Tucked away on the back roads in Charm, Ohio is a place called Covered Bridge Creamery. It’s owned and operated by the Robert Mast family and is home to our favorite source of local milk. I first discovered the milk when the gallons appeared on the shelves of the grocery store where I shop. It happened to coincide with Smith’s transition from formula to cow’s milk and I was intrigued. I purchased a gallon and we were very happy with the product we received.
Then, a few weeks later, Jayne from Honeyrun Farm left a comment on one of my Facebook pictures and informed me that she and her family make special trips to the Masts’ dairy farm just to stock up on milk. With her enthusiastic endorsement, I excitedly suggested that Robert, Smith, and I go to check it out. I’m so glad we did.
It turns out Covered Bridge Creamery is less than five minutes from our house. It’s also very close to where my childhood Amish babysitter, Tina, lived when we were young. She was the babysitter my sister and I purposely locked out of the house. We made her cry and ended up in big trouble from our parents. Poor thing. Wherever you are, sweet Tina, I hope you are doing well. I’m sorry we were awful to you.
But back to the creamery. It’s nestled in a quiet and picturesque location. Not surprisingly, there is a covered bridge on the land where the animals traverse. The milk is produced from only 20 cows, all of whom happily graze on the grass of the multi-acre pasture and are fed non-GMO feed as well. The milk is processed using vat pasteurization. According to the UC Berkely Wellness Page from December 2014, “In regular pasteurization—the standard method used by large dairy operations—milk is heated to high temperature for a short time (161°F for 15 seconds). In vat pasteurization, milk is heated in small batches to a lower temperature for a longer time (145°F for 30 minutes) and then rapidly cooled. Flavor is better preserved, and usually the milk is not homogenized, so that a layer of cream coats the top.” This means the milk is perfectly safe to drink and it also means you have to shake up the milk before you drink it or you may end up with chunks of cream in your glass.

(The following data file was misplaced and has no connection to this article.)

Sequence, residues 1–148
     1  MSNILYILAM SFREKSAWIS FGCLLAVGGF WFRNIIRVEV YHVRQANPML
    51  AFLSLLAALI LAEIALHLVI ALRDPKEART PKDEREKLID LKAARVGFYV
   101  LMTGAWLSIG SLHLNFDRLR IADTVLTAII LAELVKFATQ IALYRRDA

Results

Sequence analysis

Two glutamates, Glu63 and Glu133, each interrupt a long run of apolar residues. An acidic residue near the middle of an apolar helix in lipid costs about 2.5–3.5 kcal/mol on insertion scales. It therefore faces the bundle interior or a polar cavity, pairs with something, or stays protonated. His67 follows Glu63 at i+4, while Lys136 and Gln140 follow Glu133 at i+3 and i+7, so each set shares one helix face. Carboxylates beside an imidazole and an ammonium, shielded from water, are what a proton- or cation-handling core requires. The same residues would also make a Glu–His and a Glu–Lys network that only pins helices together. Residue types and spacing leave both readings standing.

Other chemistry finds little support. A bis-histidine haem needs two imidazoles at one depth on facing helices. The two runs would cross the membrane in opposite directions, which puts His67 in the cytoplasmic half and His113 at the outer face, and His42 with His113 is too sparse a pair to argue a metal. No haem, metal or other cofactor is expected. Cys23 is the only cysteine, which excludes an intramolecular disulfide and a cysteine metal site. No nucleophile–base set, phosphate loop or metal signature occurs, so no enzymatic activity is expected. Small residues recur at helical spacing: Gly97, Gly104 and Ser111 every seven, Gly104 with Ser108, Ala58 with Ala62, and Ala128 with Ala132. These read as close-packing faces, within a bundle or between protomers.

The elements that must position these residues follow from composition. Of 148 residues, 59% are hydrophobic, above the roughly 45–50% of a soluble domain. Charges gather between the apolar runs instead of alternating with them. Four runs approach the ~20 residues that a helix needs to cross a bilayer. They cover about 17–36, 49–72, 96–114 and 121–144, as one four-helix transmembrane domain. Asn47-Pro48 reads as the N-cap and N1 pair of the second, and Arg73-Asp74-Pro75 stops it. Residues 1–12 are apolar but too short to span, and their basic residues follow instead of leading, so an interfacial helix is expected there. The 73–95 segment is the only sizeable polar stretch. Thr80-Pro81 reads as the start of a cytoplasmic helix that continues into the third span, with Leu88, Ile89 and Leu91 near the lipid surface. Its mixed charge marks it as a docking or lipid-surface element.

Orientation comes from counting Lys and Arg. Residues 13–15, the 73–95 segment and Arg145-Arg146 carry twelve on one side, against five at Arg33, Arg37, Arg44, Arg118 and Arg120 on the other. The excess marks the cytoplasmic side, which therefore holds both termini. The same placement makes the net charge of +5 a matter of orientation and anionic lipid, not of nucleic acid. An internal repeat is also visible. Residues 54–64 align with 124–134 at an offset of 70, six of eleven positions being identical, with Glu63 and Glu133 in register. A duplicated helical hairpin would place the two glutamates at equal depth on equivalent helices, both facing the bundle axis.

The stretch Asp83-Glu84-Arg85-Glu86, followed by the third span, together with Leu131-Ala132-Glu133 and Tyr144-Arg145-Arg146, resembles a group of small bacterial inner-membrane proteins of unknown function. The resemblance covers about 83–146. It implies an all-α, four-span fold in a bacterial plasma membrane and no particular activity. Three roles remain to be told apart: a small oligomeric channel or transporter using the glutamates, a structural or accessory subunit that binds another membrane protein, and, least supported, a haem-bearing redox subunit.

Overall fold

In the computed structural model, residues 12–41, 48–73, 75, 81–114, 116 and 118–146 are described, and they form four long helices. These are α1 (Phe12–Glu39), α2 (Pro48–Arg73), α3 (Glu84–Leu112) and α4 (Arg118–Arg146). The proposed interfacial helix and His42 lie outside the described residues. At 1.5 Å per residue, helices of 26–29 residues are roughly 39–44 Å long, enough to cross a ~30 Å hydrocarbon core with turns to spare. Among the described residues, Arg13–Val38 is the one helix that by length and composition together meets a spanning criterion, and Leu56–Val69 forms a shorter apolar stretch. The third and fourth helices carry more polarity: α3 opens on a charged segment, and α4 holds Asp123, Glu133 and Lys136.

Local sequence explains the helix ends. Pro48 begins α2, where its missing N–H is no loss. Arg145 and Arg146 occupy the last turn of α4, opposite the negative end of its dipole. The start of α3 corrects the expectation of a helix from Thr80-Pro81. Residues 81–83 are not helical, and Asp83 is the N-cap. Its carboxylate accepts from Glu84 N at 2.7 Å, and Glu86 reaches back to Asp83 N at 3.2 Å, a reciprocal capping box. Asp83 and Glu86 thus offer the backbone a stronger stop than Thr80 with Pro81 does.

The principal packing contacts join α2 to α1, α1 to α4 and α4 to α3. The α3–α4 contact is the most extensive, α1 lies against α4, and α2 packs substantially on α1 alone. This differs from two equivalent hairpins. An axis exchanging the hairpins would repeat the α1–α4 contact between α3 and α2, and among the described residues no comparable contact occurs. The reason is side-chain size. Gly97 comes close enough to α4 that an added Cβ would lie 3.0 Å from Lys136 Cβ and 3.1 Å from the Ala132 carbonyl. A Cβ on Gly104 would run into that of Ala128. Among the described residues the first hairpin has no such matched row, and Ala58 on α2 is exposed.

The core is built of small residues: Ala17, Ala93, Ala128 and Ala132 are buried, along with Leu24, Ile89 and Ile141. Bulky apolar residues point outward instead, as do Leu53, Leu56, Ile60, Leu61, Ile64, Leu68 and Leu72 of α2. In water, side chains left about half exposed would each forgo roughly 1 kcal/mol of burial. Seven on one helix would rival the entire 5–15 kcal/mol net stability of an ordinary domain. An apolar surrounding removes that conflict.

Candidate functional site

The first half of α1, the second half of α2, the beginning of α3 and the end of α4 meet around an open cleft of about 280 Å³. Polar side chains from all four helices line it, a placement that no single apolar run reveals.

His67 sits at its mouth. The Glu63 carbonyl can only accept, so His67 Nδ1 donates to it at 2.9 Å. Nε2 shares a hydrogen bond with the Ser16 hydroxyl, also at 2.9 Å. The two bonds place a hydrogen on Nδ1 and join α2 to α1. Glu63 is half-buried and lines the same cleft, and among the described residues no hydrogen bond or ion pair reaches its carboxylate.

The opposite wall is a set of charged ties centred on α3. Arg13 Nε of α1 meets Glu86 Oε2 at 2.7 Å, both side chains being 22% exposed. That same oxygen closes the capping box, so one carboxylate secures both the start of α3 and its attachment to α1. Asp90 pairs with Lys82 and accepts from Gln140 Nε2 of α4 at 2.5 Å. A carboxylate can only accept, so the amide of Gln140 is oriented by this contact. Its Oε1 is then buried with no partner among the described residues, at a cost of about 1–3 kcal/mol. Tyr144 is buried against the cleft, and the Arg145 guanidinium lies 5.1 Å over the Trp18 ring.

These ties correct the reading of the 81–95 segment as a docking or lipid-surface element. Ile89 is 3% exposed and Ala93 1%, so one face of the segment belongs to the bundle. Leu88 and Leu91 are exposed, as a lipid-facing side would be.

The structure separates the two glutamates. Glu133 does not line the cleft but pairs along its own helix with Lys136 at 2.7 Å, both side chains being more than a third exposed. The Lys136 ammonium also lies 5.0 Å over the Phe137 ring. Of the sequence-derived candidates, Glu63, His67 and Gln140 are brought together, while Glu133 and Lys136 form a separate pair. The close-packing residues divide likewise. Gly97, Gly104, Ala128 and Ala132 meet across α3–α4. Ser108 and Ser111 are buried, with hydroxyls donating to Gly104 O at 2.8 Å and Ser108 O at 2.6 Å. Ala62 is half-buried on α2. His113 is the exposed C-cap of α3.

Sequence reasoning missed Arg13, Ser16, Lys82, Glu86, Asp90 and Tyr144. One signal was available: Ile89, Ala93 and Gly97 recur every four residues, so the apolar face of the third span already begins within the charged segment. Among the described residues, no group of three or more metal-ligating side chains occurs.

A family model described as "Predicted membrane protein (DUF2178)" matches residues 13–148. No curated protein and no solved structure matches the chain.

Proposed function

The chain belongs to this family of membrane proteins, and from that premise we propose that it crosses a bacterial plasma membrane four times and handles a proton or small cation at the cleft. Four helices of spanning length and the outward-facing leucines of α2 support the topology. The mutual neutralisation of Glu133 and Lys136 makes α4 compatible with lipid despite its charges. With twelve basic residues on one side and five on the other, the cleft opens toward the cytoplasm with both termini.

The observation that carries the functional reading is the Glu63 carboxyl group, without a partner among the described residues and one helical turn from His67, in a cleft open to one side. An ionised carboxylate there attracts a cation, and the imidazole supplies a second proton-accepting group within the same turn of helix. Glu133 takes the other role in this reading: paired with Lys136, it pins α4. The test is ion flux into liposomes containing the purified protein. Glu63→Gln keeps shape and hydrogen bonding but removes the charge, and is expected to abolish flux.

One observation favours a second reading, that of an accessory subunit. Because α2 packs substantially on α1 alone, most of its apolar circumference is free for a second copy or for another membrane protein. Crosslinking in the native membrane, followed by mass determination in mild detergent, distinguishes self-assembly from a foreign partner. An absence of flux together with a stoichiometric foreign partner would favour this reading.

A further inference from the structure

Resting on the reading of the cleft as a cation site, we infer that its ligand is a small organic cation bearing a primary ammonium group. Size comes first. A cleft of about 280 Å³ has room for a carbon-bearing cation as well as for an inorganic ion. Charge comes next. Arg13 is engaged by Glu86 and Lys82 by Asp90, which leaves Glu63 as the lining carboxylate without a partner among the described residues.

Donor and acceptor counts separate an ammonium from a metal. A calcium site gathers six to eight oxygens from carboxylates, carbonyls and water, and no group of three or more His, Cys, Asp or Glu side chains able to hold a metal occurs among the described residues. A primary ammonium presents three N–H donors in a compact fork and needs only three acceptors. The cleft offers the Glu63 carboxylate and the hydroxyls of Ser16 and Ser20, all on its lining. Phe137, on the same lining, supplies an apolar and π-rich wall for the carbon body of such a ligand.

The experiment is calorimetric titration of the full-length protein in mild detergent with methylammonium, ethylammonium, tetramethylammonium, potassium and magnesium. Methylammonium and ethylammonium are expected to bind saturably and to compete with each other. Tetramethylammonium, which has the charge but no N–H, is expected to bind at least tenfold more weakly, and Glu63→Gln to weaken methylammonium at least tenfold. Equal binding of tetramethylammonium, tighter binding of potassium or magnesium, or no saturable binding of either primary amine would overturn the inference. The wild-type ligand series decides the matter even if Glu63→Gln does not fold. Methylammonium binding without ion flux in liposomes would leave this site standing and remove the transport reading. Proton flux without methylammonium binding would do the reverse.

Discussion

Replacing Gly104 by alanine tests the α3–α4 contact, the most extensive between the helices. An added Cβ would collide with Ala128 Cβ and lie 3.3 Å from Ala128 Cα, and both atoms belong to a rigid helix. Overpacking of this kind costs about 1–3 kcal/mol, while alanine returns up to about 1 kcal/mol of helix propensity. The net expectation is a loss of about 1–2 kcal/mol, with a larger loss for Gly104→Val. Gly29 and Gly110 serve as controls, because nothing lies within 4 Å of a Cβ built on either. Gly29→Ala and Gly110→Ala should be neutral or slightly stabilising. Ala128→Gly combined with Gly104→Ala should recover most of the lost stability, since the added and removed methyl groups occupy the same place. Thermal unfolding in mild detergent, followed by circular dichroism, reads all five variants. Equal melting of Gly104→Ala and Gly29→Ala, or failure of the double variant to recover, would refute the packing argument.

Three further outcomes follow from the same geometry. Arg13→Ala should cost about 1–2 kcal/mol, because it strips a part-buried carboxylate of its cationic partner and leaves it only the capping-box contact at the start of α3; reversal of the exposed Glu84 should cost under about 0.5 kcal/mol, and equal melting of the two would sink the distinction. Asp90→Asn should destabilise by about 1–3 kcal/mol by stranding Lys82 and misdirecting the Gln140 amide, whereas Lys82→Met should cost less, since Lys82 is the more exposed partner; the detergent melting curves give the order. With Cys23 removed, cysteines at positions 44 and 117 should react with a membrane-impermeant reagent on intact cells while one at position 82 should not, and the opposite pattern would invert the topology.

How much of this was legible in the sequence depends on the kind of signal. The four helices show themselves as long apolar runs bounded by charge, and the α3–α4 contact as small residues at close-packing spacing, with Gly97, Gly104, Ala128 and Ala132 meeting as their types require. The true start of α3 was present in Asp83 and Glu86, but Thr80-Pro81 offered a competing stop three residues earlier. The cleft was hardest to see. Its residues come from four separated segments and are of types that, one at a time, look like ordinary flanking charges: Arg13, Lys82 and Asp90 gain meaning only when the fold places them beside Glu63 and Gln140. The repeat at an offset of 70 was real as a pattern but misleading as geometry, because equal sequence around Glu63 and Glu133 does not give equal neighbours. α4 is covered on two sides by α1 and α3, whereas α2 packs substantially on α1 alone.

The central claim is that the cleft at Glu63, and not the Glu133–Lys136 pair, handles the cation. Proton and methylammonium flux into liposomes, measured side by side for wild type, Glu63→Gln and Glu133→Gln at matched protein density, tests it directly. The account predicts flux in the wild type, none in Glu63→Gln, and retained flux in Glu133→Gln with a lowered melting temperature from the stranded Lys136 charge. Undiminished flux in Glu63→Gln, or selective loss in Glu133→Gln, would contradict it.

On site, the Mast family has a refrigerator with gallons, half-gallons, and pints of their whole milk along with chocolate and strawberry-flavored milks. They operate on the honor system and have an empty coffee can where you can leave cash and take what you wish. I have been to the farm a handful of times and I usually see Mr. Mast. He is a friendly and hard-working man and is patient with my barrage of questions.
The Covered Bridge Creamery seems to be doing very well, both locally and outside of our region. Their milk appears in the Granville farmers’ market and he informed me they are expanding their processing space as well. It’s pretty neat to be able to see exactly where the milk we consume is coming from. Especially when it’s a place like Covered Bridge Creamery.
If you are in the Holmes County area, do yourself a favor and visit this lovely operation. The address is 4568 T.R. 370 Millersburg, Ohio.
Full Disclosure: This post was not sponsored. It is part of my effort to highlight my favorite local places because I think they should become your favorites, too. 🙂